Results also showed that Black men were 29% more likely to be diagnosed with prostate cancer using a diagnostic prostate biopsy vs White men.
Results of a retrospective study found that Black veterans had a nearly 2-fold greater incidence of prostate cancer (both localized and de novo metastatic disease) compared with White men.1
In this study, published in JAMA Network Open, investigators used data from the Veterans Affairs (VA) national electronic health record in the Corporate Data Warehouse and the VA Central Cancer Registry. All patients in this population had received routine care at VA medical centers across the country between 2005 and 2019 (incidence cohort). Routine care was defined as at least 2 or more clinical encounters, regardless of prostate cancer status.
“The VA provides high-quality care to veterans regardless of race, sex, geographic location, or economic circumstance, thereby creating an equal access system compared to other large health care systems,” Kosj Yamoah, MD, director of Radiation Oncology Cancer Health Disparities Research and section head of Genitourinary Oncology within the Department of Radiation Oncology at Moffitt Cancer Center, Tampa, Florida, said in a news release.2 “This provides us with a unique environment to investigate prostate cancer health disparities across the disease continuum, such as treatment response or overall outcomes at each phase of the disease.”
Of the 7,889,984 Black and White veterans included in this study, 2,788,003 patients underwent prostate-specific antigen (PSA) testing, and 92,269 patients received a diagnosis of prostate cancer between 2005 and 2015 (MO cohort).
After investigators determined the age-adjusted incidence of localized and de novo metastatic prostate cancer, they used multivariable logistic regression to evaluate the relationship between race and ethnicity and pretreatment clinical variables. In addition, they used multivariable Cox proportional hazard models to estimate the risk of metastasis.
The primary outcome was time to distant metastatis after prostate cancer diagnosis. This measured treatment response was compared between Black and White veterans.
According to findings analyzed by the Moffitt Cancer Center, Black men (n=28,802 [31%]) in the MO cohort were younger (median [IQR], 63 [58-68] vs 65 [62-71] years) than White men (n=63,476; [69%]) and had higher PSA levels at the time of diagnosis (>20 ng/mL).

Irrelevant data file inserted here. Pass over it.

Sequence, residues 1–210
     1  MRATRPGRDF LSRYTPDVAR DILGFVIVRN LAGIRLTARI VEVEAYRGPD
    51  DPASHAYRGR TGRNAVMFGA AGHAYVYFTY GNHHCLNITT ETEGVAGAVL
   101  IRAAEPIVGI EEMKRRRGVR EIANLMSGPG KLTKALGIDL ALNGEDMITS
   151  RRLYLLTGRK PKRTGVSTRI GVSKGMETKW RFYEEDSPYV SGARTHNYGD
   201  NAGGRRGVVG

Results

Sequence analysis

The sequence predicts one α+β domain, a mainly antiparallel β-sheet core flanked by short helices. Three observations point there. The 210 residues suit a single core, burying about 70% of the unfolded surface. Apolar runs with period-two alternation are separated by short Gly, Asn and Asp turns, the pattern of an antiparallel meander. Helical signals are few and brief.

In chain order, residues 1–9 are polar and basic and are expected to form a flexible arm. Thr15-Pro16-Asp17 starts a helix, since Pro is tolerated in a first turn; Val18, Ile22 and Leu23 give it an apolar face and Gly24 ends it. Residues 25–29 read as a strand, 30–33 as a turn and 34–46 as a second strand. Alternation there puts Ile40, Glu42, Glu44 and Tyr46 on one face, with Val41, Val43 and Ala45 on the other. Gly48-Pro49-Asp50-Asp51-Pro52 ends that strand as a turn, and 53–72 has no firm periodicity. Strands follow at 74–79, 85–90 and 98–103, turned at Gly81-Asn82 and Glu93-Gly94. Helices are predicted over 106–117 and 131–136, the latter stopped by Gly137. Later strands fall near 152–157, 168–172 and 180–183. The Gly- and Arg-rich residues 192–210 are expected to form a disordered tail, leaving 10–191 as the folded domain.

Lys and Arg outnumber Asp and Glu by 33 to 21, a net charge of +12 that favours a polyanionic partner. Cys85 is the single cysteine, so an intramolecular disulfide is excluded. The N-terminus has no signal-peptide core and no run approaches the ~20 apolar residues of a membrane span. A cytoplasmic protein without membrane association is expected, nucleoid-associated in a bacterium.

Black men were almost 2 times more likely to be diagnosed with prostate cancer than White men. This remained consistent across VA centers nationwide.
“Increased incidence of prostate cancer is a major driver of the residual disparity in prostate cancer metastasis among African American men. Even in an equal access to care scenario, we saw that adequate, timely therapy is a big factor that will decrease the risk of adverse events, including metastases and death,” Yamoah said.
Results also showed that Black men were 29% more likely to be diagnosed with prostate cancer using a diagnostic prostate biopsy vs White men (hazard ratio, 1.29; 95% CI, 1.27-1.31; P <. 001). Although Black men who received treatment for prostate cancer experienced a lower risk of metastasis (hazard ratio, 0.89; 95% CI, 0.83-0.95; P < .001), Black men who were identified as “other” race and received treatment were more likely to develop metastasis (adjusted hazard ratio 1.29; 95% CI, 1.17-1.42; P < .001).
Furthermore, a persistent residual metastatic burden for Black men was observed across all National Comprehensive Cancer Network risk groups. In the low-risk group, 4 Black men experienced this burden per 100,000 vs 2 White men. In the intermediate-risk group, 13 vs 6, respectively. In the high-risk cohort, 19 vs 9, respectively.
To the authors’ knowledge, this was the largest study to investigate racial and ethnic disparities across the range of prostate cancer statuses in an equal-access VA setting.
“There is a lot of work still to be done,” Yamoah concluded, “but this data gives us the information we need to develop strategies to combat prostate cancer disparities here in the U.S. and globally.”
1. Yamoah K, Lee KM, Awasthi S, et al. Racial and ethnic disparities in prostate cancer outcomes in the Veterans Affairs health care system. JAMA Network Open. 2022;5(1):e2144027. doi:10.1001/jamanetworkopen.2021.44027
2. Moffitt researchers analyze VA data to study prostate cancer disparities. H. Lee Moffitt Cancer Center & Research Institute. January 18, 2022. Accessed January 19, 2022. https://www.eurekalert.org/news-releases/940447